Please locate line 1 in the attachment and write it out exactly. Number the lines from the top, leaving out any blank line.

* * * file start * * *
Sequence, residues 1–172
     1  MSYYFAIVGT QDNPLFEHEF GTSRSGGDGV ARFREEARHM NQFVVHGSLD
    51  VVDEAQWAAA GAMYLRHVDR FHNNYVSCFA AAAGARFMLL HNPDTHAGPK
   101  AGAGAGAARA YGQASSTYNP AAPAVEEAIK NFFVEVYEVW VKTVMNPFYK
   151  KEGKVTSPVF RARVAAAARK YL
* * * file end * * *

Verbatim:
Sequence, residues 1–172